Everyone loves a good surprise. Maybe is it an unexpected birthday present. Or perhaps it is a visit from a dear friend that you have not seen in quite some time. An unforeseen professional opportunity is offered to you that would open up new growth and financial rewards. There are so many events that pleasantly surprise us and we do look forward to those.

 

Blog Pick of the Week: Sourcing Solutions NOT for Rube Goldberg

Rube Goldberg is best known for a series of popular cartoons depicting complex gadgets that perform simple tasks in indirect, convoluted ways. My father was a do-it-yourselfer to the max. Many times he would fix something. It may not be pretty but it worked. He would often say “Rube Goldberg would be proud of this!”.

Posted by on in Procurement
Have the right tool

A few years ago we did not have a technology tool to help track sourcing initiatives for 60+ customers. We utilized an excel spreadsheet with a tab for each customer all linked to a summary tab. There were 8 of us updating it from several remote locations. The sheet got corrupted, links got broken and it was an overall nightmare. Sound familiar?

Blog Pick of the Week: What questions do you ask of your Suppliers?

Children ask a lot of questions. It is a great way to learn. Often they are ‘why’ questions. When my daughter talked to her grandfather, she almost always started the conversation with “Guess What?”. After a while, that became his nick name for her. 


Many organizations are using some situational interview questions in the process. This helps to determine the fit of the candidate, specifically in how they communicate, problem solve and make decisions. Consulting houses have been using this approach for a long time. A classic question was “How much does a 747 airplane weigh?” It was not the answer that mattered but the process and method of communicating that response that was the key.

Similarly, when in your procurement role and working with suppliers, asking questions of them can really help differentiate their capabilities. Charles Dominick of Next Level Purchasing has a blog “Three Supplier Interview Questions that should be included in your discussions with them.

  • How will doing business with your company instead of your competitor(s) make my organization more profitable?"
  • "What have been the biggest operational challenges that you have faced recently?"
  • "What changes do you see in your industry in the next few years and how are you preparing for them?"

One question that I use and find extremely helpful, both in my profession and in personal interactions is “What have I not asked you that I have missed, based on your experiences?” That is always an eye opener and a great way to wrap up the meeting.

Have you used any of these approaches? What technique and questions do you find helpful?

 

 

Small Businesses making a Big impact

Small businesses begin when we are very young, selling homemade crafts at a yard sale or perhaps a road side lemonade stand. I know we ended up drinking most of our product and making very little profit.

Developing a Supplier Scorecard

You are creating a supplier scorecard. Where do you get the data from and what questions do you ask?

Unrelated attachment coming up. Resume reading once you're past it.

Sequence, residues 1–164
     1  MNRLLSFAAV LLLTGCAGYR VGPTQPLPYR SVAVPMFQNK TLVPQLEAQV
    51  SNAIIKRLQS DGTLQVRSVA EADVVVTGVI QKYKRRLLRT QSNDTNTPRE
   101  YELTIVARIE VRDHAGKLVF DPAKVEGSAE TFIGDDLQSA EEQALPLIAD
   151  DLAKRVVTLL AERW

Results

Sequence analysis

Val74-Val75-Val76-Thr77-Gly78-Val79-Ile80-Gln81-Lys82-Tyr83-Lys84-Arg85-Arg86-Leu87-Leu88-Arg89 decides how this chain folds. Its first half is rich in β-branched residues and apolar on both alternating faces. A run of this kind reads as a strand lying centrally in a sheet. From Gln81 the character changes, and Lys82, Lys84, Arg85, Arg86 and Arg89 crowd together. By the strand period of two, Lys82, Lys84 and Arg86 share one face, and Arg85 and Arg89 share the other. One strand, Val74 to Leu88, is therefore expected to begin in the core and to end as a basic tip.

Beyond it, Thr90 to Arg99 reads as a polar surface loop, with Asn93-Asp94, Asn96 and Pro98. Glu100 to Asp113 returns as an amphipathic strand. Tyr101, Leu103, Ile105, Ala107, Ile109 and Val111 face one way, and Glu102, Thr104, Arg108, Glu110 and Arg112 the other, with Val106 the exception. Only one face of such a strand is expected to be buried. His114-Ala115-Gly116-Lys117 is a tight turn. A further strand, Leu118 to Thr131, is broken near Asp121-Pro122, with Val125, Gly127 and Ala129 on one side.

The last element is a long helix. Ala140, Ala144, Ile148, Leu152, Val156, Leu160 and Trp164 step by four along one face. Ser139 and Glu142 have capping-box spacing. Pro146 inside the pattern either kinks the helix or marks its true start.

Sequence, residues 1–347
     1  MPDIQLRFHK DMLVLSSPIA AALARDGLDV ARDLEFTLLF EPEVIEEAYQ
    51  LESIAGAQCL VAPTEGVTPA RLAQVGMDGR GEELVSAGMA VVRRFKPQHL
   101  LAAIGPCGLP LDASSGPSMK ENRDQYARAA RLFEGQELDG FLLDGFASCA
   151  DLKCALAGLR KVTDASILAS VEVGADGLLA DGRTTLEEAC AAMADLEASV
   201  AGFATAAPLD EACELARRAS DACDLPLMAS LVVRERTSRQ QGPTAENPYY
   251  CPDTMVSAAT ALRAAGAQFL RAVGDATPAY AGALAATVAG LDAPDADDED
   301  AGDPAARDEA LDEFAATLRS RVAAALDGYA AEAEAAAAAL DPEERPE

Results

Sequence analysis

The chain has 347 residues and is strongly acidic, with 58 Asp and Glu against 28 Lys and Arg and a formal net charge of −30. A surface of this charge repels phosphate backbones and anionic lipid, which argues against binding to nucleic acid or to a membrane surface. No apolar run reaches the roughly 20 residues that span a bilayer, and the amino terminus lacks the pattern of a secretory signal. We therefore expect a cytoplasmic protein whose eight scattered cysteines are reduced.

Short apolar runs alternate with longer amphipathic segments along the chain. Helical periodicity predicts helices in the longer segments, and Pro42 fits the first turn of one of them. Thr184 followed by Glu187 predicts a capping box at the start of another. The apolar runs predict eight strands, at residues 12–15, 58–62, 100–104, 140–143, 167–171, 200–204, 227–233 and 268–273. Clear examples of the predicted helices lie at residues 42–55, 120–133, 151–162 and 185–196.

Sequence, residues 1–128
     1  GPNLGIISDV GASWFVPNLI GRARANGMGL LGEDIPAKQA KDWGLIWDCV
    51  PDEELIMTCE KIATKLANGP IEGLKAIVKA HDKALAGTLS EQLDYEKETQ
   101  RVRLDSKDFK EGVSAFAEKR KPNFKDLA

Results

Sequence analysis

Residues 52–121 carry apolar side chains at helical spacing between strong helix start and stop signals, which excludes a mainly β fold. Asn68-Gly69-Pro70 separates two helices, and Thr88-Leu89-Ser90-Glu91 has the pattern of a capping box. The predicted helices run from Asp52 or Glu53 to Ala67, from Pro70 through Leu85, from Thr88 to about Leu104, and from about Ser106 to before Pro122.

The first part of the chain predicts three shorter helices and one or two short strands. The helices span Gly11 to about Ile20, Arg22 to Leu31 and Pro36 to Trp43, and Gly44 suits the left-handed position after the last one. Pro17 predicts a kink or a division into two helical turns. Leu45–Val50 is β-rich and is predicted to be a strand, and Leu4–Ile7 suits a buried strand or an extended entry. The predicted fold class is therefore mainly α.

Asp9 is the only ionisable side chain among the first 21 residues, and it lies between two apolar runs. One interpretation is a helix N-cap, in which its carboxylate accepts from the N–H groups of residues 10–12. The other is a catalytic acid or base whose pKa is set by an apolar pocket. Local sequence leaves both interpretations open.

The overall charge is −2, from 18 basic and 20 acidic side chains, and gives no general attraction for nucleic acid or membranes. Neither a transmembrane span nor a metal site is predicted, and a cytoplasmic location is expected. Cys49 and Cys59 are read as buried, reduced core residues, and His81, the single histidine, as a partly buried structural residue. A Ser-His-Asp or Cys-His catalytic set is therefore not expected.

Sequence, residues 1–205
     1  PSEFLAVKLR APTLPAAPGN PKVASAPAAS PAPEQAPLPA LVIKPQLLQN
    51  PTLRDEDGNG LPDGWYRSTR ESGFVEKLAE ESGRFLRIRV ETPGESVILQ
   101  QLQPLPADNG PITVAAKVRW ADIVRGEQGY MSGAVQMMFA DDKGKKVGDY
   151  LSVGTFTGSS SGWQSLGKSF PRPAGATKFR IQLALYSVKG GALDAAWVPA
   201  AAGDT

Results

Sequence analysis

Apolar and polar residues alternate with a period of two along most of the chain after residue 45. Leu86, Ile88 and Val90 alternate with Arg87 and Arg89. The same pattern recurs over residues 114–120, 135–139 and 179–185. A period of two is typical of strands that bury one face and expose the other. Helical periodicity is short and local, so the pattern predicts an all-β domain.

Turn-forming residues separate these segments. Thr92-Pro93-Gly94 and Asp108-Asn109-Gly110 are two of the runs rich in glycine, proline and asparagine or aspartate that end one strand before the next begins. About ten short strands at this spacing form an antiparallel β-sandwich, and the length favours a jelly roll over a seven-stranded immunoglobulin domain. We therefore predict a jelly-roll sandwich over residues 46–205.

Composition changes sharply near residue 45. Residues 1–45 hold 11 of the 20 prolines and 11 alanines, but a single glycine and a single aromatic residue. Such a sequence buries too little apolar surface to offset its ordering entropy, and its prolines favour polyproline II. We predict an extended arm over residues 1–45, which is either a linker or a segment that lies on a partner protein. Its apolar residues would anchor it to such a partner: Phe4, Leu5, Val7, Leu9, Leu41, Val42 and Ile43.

Posted by on in Procurement
Use the Magnifying Glass

How is your vision? Is it 20-20 or do you need lenses or a magnifying glass? How about your supplier and spend visibility?

So, You Want to Win a Reverse Auction?

“Reverse auctions are loved by corporate purchasing managers, loathed by suppliers, and rarely discussed publicly by anyone involved.”

– Max Chafkin, Inc. Magazine

Posted by on in The Flip Side
Are you a King or a Joker?

This week’s trip to The Flip Side is based on a post written by Reed Holden on his blog Pricing With Confidence: ‘Procurement: Kings or Jokers’. Holden has written a number of books on pricing and negotiation. His primary focus is helping Fortune 1000 B2B companies in a number of industries maximize their growth through setting optimal go-to-market strategies.

Webinar Notes: How to Eat An Elephant: Supply and Risk Management at ABB

This week’s featured webinar was hosted by Emptoris and Procurement Leaders, with a supplier lifecycle management (SLM) case study from The ABB Group. You can view an on demand version of the event by clicking here. ABB is a global leader in power and automation technologies that enable utility and industry customers to improve their performance while lowering environmental impact. In 2010 they had $32B in revenue. As a 120 year old organization, they were decentralized with five divisions.

 

In this week’s Flip Side coverage, I want to take you through a sales-oriented post from a blog called The Pipeline on ‘Selling to Procurement’. The Pipeline is written by Tibor Shanto, Founder and President of Renbor Sales Solutions Inc., and creator of Objective Based Selling.

Posted by on in The Flip Side

“What we see depends mainly on what we look for.”
John Lubbock, 1st Baron Avebury (1834 - 1913)

This week's trip to the Flip Side is a humorous - and visual - look at the many perceptions of sales people. We came across an image last week that represents how sales people are perceived by their friends, customers, and society as a whole as well as the way they see themselves versus what their job is really like. We also had our undercover sales advisor, “The Sales Guy” interpret the reality of the situation. Visuals are a great way to communicate subtle differences, and this will allow you to laugh as well as to gain some additional insight into the complex, multi-faceted world of being a sales account rep.

Without further ado, here is the picture: